Ten legislators are trying to resolve an array of differences in the education reform plans Republicans and Democrats developed, including the question of whether to confine one proposed perk to people who live within the state’s borders.
Both the Iowa House and the Senate have voted to award “Teach Iowa” scholarships to top college students who enter the teaching profession. Representative Ron Jorgensen, a Republican from Sioux City, notes both plans target top students.
“If you’re in the top 25 percent of your class, we want to reward you and encourage you to stay in the state of Iowa,” Jorgensen says. A college student who promises to teach for five years could be eligible for up to $20,000 and Jorgensen says House Republicans want to offer that incentive to any college student.
“In our plan we provide that reward to both Iowa students and non-Iowa students with the feeling that if we have a top student in another state, let’s try to encourage them to move to Iowa and teach in Iowa,” Jorgensen says. “Instead of just limiting our scope to just Iowa kids, if we can attract top talent from other states, we should look at doing that.”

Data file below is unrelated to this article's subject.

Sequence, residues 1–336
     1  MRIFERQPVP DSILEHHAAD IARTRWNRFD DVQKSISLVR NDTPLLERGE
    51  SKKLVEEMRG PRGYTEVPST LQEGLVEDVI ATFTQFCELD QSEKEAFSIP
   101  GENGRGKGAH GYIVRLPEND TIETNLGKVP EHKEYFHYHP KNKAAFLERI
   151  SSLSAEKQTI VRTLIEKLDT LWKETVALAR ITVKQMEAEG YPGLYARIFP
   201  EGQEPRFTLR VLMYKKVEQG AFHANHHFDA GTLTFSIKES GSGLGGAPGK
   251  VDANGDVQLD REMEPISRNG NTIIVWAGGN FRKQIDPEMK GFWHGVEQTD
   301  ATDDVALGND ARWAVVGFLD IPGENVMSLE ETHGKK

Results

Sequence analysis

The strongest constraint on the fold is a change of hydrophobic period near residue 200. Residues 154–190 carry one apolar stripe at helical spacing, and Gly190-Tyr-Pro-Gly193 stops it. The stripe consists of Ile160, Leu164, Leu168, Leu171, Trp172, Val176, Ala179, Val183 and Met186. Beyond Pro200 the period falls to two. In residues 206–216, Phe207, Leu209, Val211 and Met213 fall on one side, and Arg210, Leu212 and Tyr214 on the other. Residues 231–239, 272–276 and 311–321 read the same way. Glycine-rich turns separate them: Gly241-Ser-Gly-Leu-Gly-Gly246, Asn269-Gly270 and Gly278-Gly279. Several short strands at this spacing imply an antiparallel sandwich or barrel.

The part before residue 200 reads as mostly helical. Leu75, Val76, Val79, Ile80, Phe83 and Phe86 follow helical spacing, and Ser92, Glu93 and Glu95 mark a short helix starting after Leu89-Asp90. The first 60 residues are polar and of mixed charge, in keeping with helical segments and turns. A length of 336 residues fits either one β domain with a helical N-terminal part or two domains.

Senator Herman Quirmbach of Ames says he and other Democrats want to limit that $20,000 offer to Iowans.
“We expect that at, basically $20,000 a pop, we may not be able to afford a whole lot of people and we wanted to make sure that Iowa residents got the first crack at that,” Quirmbach says. “The thinking being that they are more likely to stay in the state for the term and that is the ultimate goal: not just to get them here but keep them here.”
This is one of dozens of differences a 10-member conference committee needs to resolve before a final education reform plan can be presented to all 150 legislators for a vote. The conference committee met Tuesday to publicly review the details of the plan that cleared the Republican-controlled House and the plan approved by Senate Democrats. The group is scheduled to meet again today at noon.